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I usually like to use entr when developing on my own hardware to run commands when a directory changes.

However, sometimes I'm working in an environment where I don't have much control over the availability of helpful programs so many of us take for granted.

I've been using Git Bash on Windows, and I've been getting tired of hunting down my build terminal, pressing up in my last history to get to the build command, and hitting enter to build my project. I want it to automatically run when I save a new change. But I don't have entr or any of the other usual suspects (like inotifywait) to assist me.

So to overcome this problem, with a bit of Internet searching to assist, I wrote a Bash function to watch the src/ directory and build the project when anything in the directory changes (including timestamps, because -l):

monitor_and_build () {
  local sauce=$(ls -l $1)
  while [ true ] ;
  do
    sleep 1
    local newsauce=$(ls -l $1)
    if [[ "$sauce" != "$newsauce" ]]; then
      make
    fi
    local sauce="$newsauce"
  done
}

to be invoked:

$ monitor_and_build src/

I have a working directory Makefile that calls make -C src/.

Since I did it in such an ad-hoc way, I'm sure I missed a trick or there's some edge cases this has a problem with. Please review!

Bonus question: aside from the obvious "writing your own programs in Bash is error-prone and foolish" (I admit it took me a few drafts to get it working) - suppose I had entr available, and then what are the benefits of using a program like entr instead?

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You're going to get false positives by comparing the output of ls -l. In many locales, this command gives date stamps in different formats for newer files (day+time) and older files (year+day). When any file transitions from "new" to "old" in this scheme, you'll get a spurious notification. If you have the GNU implementation of ls, you can make it use a specific timestamp format (e.g. --time-style=full-iso) which might alleviate that problem. Or just accept the false positives (make should be reasonably quick if nothing actually changed).

The usual problem of failing to quote arguments ($1 where you should have written "$1") will mess up arguments that contain whitespace or shell pattern characters. Although that might be unlikely for your source directories, it's trivial to fix, and a good habit to have.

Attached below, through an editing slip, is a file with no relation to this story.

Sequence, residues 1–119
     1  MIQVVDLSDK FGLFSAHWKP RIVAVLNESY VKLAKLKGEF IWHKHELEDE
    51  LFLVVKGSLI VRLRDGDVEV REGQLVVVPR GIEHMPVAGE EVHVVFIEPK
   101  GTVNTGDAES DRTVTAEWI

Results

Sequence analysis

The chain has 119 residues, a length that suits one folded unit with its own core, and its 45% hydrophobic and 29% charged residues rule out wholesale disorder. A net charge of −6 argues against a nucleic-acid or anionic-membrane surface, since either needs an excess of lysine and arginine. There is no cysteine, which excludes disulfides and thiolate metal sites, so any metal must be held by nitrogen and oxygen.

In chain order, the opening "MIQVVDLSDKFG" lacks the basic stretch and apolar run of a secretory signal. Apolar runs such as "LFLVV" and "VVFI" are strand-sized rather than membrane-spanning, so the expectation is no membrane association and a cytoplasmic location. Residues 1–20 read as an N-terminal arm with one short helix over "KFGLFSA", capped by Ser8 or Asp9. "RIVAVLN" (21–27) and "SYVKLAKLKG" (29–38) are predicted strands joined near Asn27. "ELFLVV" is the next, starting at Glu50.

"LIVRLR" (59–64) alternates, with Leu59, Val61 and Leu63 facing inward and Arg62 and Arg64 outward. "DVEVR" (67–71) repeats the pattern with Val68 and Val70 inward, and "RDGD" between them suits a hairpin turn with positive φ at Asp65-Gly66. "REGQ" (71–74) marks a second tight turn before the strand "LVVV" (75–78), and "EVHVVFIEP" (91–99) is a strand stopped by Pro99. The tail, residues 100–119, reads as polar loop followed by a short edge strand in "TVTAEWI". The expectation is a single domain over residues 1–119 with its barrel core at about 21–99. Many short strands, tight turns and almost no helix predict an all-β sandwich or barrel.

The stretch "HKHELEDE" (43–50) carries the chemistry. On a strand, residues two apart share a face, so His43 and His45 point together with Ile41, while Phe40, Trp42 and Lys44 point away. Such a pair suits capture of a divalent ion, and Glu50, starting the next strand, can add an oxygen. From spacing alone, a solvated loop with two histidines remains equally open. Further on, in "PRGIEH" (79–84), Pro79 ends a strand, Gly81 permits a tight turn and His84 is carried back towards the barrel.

Testing that the string true is non-empty ([ true ]) is an unusual approach to making an infinite loop - most shell programmers would simply use the true command. Actually, it's probably better to test the result of sleep, which returns non-zero if interrupted.

Instead of polling, you should be able to block on filesystem notification events. Perhaps inotifywait meets your needs here?

If we use plain [ rather than [[, the code becomes portable (POSIX) shell, without needing Bash extensions, so is useful to more people.

Is it right that you want to run make in the current directory? For some users, it might make more sense to make -C "$1". You could be more flexible by allowing a command to be specified (here I've kept make as default):

monitor_and_build()
{
    local d=${1:-.}; shift
    test -d "$d" || return 1
    local sauce=$(ls -l --time-style=full-iso "$d")
    while sleep 1
    do
        local newsauce=$(ls -l --time-style=full-iso "$d")
        if [ "$sauce" != "$newsauce" ]
        then "${@:-make}"
        fi
        local sauce="$newsauce"
    done
}
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  • \$\begingroup\$ Ah, I'd not come across entr before, so didn't realise that inotifywait was similar. Thanks for the clarification. If you have the GNU version of ls, you can specify the timestamp format to use - that's probably useful for this. \$\endgroup\$ Apr 21 at 14:28
  • \$\begingroup\$ Already edited (I think it's a shame that SE doesn't notify the asker when answers get edited!) Yes, --full-time would be a good choice (and equivalent to what I suggested). \$\endgroup\$ Apr 21 at 14:36
  • \$\begingroup\$ The -l also becomes redundant when specifying --full-time, (but not for --time-style). Maybe we should just have --full-time in the code. \$\endgroup\$
    – Aaron Hall
    Apr 21 at 14:58

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